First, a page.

King Arthur & the Matter of Britain
History & Archaeology ·
Welsh Bards ·
Tristan & Iseult ·
Elaine of Astolat
websites abound on the 'Net, some scholarly and some beautiful, some weird and
some downright wacky. Here are my favorite survey sites, and some explorations of the
power of these tales today.
Sources and Stories
Arthur at Britannia, an internet magazine,
remains a good place to start your explorations of the Arthurian
legends, though many of its pages are now only available to subscribers. Includes essays by (and a conversation with)
Geoffrey Ashe, surveys of various aspects of the legend, and
an illustrated "Magical History Tour" of Britain. Britannia's
of British History page also includes some original
by Thomas Green, a scholarly survey site emphasizing current research, with excellent bibliographical
notes on reliable editions of the source materials.
Camelot Project at the University of Rochester includes a
massive collection of Arthurian texts, images, and bibliographies,
thoroughly indexed and accessible by subject.
A Man for the Ages is David White's site on the history and
legends of Arthur. Heavily cross-referenced.
Journal of Arthurian Studies.
Middle English Texts are published for TEAMS (The
Consortium for the Teaching of the Middle Ages) in association with
the University of Rochester by Medieval Institute Publications, Western
Michigan University, Kalamazoo, Michigan. The available texts include
many primary Arthurian sources.
/ Arthur's Court explores the Welsh origins of the Arthurian
cycle. It's part of Jeff Davies'
which aims "to be the best resource on the web for the history and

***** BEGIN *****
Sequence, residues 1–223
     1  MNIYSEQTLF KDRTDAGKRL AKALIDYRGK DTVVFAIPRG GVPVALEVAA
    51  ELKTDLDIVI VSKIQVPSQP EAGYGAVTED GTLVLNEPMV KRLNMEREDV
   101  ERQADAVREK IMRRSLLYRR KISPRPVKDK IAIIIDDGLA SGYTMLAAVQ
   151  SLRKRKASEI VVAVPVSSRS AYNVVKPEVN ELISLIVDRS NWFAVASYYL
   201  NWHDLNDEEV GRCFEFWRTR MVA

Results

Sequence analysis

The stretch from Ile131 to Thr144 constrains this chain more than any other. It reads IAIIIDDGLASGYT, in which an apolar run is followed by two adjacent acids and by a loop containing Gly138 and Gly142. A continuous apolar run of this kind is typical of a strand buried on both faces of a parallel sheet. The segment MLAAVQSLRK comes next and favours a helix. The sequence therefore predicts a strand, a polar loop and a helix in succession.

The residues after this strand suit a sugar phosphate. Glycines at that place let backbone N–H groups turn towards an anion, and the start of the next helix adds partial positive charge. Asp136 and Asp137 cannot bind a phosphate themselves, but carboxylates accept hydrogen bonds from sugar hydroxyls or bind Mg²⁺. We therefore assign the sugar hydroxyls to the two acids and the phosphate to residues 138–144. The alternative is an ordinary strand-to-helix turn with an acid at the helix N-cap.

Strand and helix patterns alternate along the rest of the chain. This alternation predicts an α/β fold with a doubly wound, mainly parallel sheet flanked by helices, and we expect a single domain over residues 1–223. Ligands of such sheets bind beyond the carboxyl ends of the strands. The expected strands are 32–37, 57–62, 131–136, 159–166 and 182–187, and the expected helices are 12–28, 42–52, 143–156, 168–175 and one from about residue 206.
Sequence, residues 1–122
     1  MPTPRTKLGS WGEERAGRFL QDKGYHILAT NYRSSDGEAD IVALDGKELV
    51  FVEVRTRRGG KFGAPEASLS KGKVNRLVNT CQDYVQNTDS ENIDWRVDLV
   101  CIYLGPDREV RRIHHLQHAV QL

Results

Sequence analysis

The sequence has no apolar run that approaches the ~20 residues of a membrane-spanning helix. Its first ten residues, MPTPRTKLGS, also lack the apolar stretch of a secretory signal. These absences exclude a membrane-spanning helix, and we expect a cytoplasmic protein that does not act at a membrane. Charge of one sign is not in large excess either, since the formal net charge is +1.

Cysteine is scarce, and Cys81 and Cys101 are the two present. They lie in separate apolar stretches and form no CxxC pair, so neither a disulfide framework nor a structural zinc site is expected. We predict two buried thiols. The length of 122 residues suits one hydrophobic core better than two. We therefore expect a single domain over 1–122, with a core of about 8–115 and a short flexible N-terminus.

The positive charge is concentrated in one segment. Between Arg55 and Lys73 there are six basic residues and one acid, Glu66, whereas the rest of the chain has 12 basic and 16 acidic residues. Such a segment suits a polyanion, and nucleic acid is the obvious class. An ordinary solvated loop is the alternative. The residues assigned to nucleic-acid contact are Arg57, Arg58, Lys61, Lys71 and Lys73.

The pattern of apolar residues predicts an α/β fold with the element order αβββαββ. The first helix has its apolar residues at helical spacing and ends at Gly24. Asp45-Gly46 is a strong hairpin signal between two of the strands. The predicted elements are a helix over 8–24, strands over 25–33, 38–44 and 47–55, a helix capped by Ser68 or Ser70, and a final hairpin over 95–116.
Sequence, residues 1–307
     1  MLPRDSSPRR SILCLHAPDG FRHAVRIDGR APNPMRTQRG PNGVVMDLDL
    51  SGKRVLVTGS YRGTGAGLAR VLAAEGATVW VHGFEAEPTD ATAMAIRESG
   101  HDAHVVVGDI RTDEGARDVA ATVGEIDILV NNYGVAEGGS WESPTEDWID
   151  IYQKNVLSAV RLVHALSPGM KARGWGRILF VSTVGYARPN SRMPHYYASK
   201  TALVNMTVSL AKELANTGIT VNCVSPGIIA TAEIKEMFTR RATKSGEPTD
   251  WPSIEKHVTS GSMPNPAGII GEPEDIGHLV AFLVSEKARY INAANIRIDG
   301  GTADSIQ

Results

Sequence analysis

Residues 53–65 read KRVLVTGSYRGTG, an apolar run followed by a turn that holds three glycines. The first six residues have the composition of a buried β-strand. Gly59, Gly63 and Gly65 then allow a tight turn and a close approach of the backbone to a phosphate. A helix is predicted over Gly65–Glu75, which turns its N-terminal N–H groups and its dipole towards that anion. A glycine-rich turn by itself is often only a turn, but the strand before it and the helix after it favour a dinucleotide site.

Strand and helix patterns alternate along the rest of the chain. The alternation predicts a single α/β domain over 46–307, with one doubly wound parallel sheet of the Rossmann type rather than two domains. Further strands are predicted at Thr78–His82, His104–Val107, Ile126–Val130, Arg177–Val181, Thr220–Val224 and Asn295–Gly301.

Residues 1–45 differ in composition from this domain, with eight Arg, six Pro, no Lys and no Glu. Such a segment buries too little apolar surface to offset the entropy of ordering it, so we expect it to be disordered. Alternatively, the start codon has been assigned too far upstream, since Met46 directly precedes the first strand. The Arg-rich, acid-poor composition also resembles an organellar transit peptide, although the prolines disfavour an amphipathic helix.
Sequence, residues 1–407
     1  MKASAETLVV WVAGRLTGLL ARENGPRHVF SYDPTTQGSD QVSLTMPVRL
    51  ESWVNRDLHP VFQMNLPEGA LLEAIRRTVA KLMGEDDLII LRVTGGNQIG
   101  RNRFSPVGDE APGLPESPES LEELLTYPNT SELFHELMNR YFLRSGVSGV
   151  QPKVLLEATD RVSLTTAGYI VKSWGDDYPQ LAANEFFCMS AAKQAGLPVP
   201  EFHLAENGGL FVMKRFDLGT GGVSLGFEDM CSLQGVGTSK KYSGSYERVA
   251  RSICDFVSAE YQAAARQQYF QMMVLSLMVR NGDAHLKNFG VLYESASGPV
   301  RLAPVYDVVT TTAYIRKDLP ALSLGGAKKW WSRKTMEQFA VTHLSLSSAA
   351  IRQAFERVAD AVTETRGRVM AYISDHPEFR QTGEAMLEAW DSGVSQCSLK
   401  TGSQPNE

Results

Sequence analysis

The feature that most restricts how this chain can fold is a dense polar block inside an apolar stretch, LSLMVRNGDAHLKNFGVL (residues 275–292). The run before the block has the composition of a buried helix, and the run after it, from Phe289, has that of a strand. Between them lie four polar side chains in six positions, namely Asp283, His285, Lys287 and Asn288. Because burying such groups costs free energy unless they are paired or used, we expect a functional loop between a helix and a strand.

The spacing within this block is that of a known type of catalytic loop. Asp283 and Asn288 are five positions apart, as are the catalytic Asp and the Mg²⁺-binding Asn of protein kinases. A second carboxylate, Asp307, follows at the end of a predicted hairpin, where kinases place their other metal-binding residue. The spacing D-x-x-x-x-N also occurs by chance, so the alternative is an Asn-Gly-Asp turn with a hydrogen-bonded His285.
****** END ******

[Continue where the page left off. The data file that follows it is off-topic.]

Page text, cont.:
poetry of early-medieval and medieval Wales."
Glastonbury Abbey's official website.
a new survey site, features illustrations for Le Morte Darthur by the 20th
century Belgian/British artist and book illustrator Françoise Taylor.
King Arthur's Knights,
a dense survey site on the legends and "history" of Arthur and his knights, by Nathan Currin.
The Tale Grew in the Telling
A Handlist of
Arthurian Science Fiction and Fantasy, 1980-1989
by John J. Doherty, now at the Camelot Project., and its companion piece,
Arthurian Fantasy, 1980-1989: An analytical and bibliographical survey,
at Arthuriana. New !
Interviews with authors of modern Arthurian literature. Raymond H. Thompson interviews
John Arden and Margaretta D'Arcy, Margaret Atwood, Nancy Bond, Joy Chant,
Michael Coney, Susan Cooper, Robertson Davies, Peter Dickinson,
Christopher Fry, Alan Garner, David Gurr, John Heath-Stubbs,
Kathleen Herbert, Robert Holdstock, Jim Hunter, Maria Jacobs,
Welwyn Wilton Katz, Guy Gavriel Kay, Patricia Kennealy, David Lodge,
William Mayne, Naomi Mitchison, Richard Monaco, Sharan Newman,
Andre Norton, Diana Paxson, Susan Shwartz, Mary Stewart,
Rosemary Sutcliff, Nikolai Tolstoy, Meriol Trevor, Peter
Vansittart, and Jane Yolen; at the Camelot Project.
Notes on the Illustrations ·
26 December 2005